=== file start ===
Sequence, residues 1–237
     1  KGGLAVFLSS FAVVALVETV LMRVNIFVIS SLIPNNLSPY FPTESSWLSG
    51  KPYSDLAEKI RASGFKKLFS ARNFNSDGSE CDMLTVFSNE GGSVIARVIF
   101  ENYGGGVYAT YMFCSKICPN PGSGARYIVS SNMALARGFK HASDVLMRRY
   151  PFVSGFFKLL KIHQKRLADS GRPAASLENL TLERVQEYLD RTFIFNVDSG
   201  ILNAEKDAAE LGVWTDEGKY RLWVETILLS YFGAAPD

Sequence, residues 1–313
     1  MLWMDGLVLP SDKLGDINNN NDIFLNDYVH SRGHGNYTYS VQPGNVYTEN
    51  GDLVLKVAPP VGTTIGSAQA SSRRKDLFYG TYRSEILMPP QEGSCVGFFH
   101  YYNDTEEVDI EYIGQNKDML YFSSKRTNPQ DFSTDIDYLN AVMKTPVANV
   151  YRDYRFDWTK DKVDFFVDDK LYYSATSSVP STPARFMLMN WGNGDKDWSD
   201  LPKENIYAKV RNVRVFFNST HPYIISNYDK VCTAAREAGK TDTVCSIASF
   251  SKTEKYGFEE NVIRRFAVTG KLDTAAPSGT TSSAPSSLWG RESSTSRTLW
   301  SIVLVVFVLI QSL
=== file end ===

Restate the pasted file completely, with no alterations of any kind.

Sequence, residues 1–237
     1  KGGLAVFLSS FAVVALVETV LMRVNIFVIS SLIPNNLSPY FPTESSWLSG
    51  KPYSDLAEKI RASGFKKLFS ARNFNSDGSE CDMLTVFSNE GGSVIARVIF
   101  ENYGGGVYAT YMFCSKICPN PGSGARYIVS SNMALARGFK HASDVLMRRY
   151  PFVSGFFKLL KIHQKRLADS GRPAASLENL TLERVQEYLD RTFIFNVDSG
   201  ILNAEKDAAE LGVWTDEGKY RLWVETILLS YFGAAPD

Sequence, residues 1–313
     1  MLWMDGLVLP SDKLGDINNN NDIFLNDYVH SRGHGNYTYS VQPGNVYTEN
    51  GDLVLKVAPP VGTTIGSAQA SSRRKDLFYG TYRSEILMPP QEGSCVGFFH
   101  YYNDTEEVDI EYIGQNKDML YFSSKRTNPQ DFSTDIDYLN AVMKTPVANV
   151  YRDYRFDWTK DKVDFFVDDK LYYSATSSVP STPARFMLMN WGNGDKDWSD
   201  LPKENIYAKV RNVRVFFNST HPYIISNYDK VCTAAREAGK TDTVCSIASF
   251  SKTEKYGFEE NVIRRFAVTG KLDTAAPSGT TSSAPSSLWG RESSTSRTLW
   301  SIVLVVFVLI QSL